|Science and Creativity: Complements, Not Opposites
By: Dwayne W. Waite Jr.
As technology continues to pour into the advertising world, it is easy to see where conflict may arise. Our advertising world is full of creatives; those who believe the thought, the concept, should always be the focus (either for, or even to the detriment of the product).
As the C-Suite demanded more data and ROI and tracking and marketing departments and digital agencies blindly obeyed and brought in data analysts, predictive modelers, and the like, a creative idea — though unconventional or untried — would be squashed for data-driven, ROI-proven techniques.
The conflict was bound to happen sooner or later. The thing is, this kind of conflict is nothing new.
Years ago we highlighted the shift in thought of advertising during its Golden Age; we featured Team Bernbach and Team Ogilvy. Bernbach believed that advertising was essentially commercial art, and without good creative, the ad was bound to die. Ogilvy, on the other hand, was research-oriented and copy driven. He cared more about what was said versus how it is being said. Ogilvy was of the mindset that if one wrote copy that had 100 words, if they were 100 great words, he'd be fine with it.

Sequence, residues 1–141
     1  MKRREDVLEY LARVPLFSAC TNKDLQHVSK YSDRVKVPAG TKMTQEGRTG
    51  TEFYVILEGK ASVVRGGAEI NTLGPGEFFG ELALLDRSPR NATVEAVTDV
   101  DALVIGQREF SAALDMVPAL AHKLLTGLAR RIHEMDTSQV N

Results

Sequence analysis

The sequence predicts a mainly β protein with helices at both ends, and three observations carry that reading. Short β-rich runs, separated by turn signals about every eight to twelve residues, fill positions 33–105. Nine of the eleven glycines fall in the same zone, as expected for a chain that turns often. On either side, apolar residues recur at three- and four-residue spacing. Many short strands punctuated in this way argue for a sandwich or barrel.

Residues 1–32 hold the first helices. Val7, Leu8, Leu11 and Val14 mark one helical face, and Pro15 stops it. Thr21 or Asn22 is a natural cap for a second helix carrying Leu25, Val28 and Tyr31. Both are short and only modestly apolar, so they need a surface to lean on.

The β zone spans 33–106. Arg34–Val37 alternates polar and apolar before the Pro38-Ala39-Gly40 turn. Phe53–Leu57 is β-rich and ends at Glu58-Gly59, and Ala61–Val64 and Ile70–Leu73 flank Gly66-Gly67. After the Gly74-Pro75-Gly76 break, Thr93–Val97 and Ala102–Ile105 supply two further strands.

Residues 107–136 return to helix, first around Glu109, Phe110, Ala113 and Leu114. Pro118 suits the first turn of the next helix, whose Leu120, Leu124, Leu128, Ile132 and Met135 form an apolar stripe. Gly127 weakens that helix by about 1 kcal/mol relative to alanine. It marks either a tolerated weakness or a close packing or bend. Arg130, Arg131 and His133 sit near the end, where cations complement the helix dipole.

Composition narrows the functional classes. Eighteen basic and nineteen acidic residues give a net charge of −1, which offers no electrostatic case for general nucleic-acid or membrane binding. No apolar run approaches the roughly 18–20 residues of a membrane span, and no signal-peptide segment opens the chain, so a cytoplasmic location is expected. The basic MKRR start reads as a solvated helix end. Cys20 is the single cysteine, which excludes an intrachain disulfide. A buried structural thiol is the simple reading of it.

Both agreed that a bad product, with good advertising, would be a losing battle.
Let us fast forward to our day. We have the creatives and the technologists; those who believe good creative will consistently win versus those who think the right data will attract the right customer.
The application with Bernbach and Ogilvy is the same with the creatives and technologists — why compete? Implementing both is a great idea.
An executive from DraftFCB Chicago recently wrote an article about the nonsensical divide between data lovers and creatives. Why should we assume that creatives don't appreciate data, and vice versa? Actually, we are of the mindset that data can help guide the creative. Note, we are not saying the data should dictate the creative, but give it ideas the creative can run with. That is a winning formula.
The article is a good read, and we recommend it. The key is that balance is good in all things.
And the one thing our lovely industry could have more of is balance.
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